Of course, not all of these changes are Facebook being evil; rather, it seems that some of them are the result of Facebook simply being ambivalent about one’s privacy. A lot of the expansion in the infographic comes from the fact that Facebook’s audience has greatly expanded since 2005. Back in 2005, there was no such thing as a “public profile” that everyone on the internet could see—you were either on Facebook (and you could only get access if you were in a select group of people) or you weren’t. As Facebook has opened up to more and more people, rather than “pulling back” on privacy settings to maintain the privacy that Facebook had when it was much more exclusive, Facebook has simply let privacy slide along with the site’s access. Perhaps this is due to Mark Zuckerberg’s lack of understanding about people’s desire for privacy. Even in Time’s “Person of the Year” article about Zuckerberg, it said “Zuckerberg has a talent for understanding how people work, but one urge, the urge to conceal, seems to be foreign to him….Sometimes Zuckerberg can sound like a wheedling spokesman for the secret police of some future totalitarian state. Why wouldn’t you want to share? Why wouldn’t you want to be open — unless you’ve got something to hide? ‘Having two identities for yourself is an example of a lack of integrity,’ Zuckerberg said in a 2009 interview with David Kirkpatrick, author of The Facebook Effect.”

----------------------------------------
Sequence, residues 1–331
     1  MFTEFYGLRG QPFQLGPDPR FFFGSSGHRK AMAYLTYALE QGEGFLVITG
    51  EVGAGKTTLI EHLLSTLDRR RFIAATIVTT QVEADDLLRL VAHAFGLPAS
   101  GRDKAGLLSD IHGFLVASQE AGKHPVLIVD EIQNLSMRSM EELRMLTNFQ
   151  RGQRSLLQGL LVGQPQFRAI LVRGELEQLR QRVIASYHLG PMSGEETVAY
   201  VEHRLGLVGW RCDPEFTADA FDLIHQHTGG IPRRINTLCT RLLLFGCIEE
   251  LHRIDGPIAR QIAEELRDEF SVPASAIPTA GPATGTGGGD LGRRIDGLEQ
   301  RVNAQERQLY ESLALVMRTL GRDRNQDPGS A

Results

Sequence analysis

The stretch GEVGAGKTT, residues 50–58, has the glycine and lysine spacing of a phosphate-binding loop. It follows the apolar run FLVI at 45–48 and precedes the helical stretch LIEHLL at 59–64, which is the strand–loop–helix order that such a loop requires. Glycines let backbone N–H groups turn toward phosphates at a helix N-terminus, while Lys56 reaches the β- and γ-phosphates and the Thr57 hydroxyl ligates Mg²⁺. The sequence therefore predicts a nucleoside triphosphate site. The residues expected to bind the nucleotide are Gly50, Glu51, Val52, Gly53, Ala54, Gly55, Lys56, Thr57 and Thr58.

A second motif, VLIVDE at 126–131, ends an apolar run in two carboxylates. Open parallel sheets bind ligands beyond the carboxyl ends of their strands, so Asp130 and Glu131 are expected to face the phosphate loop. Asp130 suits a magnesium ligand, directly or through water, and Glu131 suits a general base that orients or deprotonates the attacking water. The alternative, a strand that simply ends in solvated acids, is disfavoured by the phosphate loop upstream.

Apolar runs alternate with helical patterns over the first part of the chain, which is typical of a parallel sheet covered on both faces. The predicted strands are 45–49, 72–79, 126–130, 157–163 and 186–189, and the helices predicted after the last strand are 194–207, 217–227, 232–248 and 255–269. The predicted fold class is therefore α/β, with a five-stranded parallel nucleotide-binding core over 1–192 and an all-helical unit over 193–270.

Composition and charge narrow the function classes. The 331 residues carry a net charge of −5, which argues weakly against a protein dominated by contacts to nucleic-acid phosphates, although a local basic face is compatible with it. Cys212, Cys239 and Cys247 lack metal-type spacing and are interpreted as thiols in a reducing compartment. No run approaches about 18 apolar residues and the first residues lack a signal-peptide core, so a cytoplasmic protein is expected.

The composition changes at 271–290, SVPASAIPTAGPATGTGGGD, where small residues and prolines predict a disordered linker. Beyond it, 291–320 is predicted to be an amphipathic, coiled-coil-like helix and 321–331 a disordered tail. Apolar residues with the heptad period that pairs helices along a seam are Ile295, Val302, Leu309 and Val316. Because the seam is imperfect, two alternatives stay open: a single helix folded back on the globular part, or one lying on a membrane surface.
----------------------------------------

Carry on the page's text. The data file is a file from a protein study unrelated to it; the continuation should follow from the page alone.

Zuckerberg’s comments stand in stark contrast with the themes of our class. This week, we read Warren and Brandeis’s The Right to Privacy, which states “The intensity and complexity of life, attendant upon advancing civilization, have rendered necessary some retreat from the world, and man, under the refining influence of culture, has become more sensitive to publicity, so that solitude and privacy have become more essential to the individual; but modern enterprise and invention have, through invasions upon his privacy, subjected him to mental pain and distress, far greater than could be inflicted by mere bodily injury.” The real question is, can we use Facebook and cell phones and all the other facets of the modern age and still maintain our privacy? Naturally, we must be willing to give up some privacy simply by virtue of using a “social networking” site. Yet, at the same time, we shouldn’t have to give up more privacy than necessary. Perhaps Facebook shouldn’t be allowed to use an opt-out system of privacy, where most of a user’s profile is shared with the entire internet by default and the burden of selecting more restrictive privacy settings is placed on users. Perhaps, through legislation, we can put the burden on corporations like Facebook, so that the default behavior of the site is in users’ best interests, not Facebook’s. After all, Facebook is a social networking site, existing for the people who use it to communicate and connect; it has no one but its millions of users to thank for its success.